The world’s largest container shipping company and the United Nations Secretary-General are appealing to governments to resolve a labor crisis that has stranded 400,000 seafarers on boats, according to a new estimate from the International Chamber of Shipping.

“I am worried that in respect of crew changes, little is going to change in most nations without action being taken at the very highest political level. We need actions now, immediate and real, from governments and national authorities,” Henriette Hallberg Thygesen, Chief Executive Officer of Fleet and Strategic Brands at A.P. Moller-Maersk A/S, said in a UN General Assembly meeting to discuss the ship workers long overdue for relief.

As the COVID-19 pandemic drags on and the number of seafarers stuck at sea climbs, calls to resolve the crisis are getting louder. At the United Nations meeting, officials expressed concerns that seafarers are being forced to work against their will and that the global supply chain is at risk.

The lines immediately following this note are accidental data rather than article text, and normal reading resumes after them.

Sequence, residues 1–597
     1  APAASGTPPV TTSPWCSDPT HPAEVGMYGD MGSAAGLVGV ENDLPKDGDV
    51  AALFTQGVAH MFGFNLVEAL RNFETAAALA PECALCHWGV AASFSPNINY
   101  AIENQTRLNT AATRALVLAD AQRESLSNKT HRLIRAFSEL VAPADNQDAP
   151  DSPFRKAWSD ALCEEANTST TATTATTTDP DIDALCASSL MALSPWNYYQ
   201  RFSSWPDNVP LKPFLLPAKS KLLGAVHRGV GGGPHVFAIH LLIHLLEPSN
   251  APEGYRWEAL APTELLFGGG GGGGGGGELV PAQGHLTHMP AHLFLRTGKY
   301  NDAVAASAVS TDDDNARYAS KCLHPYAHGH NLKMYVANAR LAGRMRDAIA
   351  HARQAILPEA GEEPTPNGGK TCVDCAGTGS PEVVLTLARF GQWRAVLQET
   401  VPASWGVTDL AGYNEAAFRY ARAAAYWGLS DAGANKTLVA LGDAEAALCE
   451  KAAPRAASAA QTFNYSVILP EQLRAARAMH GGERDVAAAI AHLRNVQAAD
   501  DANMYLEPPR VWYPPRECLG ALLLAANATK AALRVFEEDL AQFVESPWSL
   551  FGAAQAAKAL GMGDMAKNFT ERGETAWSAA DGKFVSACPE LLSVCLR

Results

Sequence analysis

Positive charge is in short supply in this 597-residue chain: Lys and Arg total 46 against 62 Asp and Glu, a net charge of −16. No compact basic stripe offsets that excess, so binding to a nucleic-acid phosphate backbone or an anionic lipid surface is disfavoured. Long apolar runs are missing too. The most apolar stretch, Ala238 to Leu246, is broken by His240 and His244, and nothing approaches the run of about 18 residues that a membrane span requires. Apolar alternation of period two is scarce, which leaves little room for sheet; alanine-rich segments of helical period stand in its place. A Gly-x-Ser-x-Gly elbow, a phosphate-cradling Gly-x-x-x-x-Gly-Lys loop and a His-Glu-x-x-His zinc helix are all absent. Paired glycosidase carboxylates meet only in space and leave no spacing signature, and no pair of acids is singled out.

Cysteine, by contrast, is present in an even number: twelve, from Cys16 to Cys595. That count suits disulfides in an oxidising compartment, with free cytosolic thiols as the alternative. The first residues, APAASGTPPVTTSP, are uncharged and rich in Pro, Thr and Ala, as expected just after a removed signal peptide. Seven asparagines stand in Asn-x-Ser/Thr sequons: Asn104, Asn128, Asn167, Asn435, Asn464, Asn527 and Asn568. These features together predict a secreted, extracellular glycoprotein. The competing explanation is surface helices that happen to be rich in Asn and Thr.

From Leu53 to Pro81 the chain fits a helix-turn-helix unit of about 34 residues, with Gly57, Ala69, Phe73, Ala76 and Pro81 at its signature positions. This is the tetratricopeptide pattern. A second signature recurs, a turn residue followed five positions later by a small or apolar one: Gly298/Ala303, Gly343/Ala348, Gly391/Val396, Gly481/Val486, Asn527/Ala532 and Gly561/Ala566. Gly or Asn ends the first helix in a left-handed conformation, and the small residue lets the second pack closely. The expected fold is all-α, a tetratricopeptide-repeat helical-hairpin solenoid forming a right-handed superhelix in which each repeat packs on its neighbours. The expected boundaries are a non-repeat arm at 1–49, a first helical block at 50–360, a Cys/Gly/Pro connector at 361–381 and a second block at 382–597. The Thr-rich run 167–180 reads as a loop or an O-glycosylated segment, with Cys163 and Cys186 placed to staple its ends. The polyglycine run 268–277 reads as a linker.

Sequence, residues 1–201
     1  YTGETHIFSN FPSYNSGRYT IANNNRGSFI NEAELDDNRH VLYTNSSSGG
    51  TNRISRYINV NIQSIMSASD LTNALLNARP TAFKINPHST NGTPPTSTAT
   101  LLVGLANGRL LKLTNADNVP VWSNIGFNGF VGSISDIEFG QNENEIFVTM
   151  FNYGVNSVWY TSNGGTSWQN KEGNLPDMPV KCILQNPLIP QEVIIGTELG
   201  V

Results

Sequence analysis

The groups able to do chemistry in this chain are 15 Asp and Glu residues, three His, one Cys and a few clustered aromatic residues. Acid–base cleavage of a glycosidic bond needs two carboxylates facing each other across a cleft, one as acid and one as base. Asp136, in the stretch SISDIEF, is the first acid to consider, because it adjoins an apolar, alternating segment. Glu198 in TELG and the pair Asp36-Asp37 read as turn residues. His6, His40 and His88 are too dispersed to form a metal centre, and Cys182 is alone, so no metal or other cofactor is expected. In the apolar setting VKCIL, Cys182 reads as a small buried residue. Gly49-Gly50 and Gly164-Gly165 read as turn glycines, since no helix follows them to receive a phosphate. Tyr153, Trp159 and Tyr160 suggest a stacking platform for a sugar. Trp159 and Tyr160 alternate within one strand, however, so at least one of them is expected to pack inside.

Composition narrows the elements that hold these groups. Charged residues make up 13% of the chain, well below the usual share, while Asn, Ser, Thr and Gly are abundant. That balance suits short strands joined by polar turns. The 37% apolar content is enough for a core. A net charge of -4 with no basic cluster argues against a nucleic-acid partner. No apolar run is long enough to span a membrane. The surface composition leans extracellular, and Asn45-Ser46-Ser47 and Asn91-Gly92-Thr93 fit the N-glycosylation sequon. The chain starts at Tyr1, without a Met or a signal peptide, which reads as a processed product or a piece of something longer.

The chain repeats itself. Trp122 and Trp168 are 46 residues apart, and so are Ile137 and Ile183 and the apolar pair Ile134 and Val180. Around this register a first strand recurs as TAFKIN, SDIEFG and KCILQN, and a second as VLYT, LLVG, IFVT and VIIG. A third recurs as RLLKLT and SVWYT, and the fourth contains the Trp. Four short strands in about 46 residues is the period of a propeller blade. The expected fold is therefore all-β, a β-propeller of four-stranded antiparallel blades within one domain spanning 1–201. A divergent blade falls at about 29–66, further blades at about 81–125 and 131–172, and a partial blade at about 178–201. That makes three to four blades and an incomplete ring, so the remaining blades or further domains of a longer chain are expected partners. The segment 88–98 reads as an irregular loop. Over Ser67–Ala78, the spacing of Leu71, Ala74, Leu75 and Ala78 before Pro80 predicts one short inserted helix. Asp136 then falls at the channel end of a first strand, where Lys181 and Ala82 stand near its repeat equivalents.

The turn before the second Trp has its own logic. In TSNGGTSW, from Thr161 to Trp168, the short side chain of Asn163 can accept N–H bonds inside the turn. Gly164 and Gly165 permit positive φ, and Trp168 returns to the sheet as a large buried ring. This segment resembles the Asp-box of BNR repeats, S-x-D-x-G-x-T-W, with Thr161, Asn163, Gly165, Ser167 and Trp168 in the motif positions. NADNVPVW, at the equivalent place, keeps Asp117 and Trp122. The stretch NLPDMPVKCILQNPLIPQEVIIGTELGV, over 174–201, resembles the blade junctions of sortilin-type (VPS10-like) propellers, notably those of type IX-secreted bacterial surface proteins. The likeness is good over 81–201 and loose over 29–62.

More than 120 countries or territories have stopped or limited access for ships to conduct seafarer changes in a bid to prevent the spread of COVID-19 that has killed almost one million people across the globe.

While many shipping lines have managed piecemeal crew changes, the backlog of crew swaps has far outpaced relief efforts.

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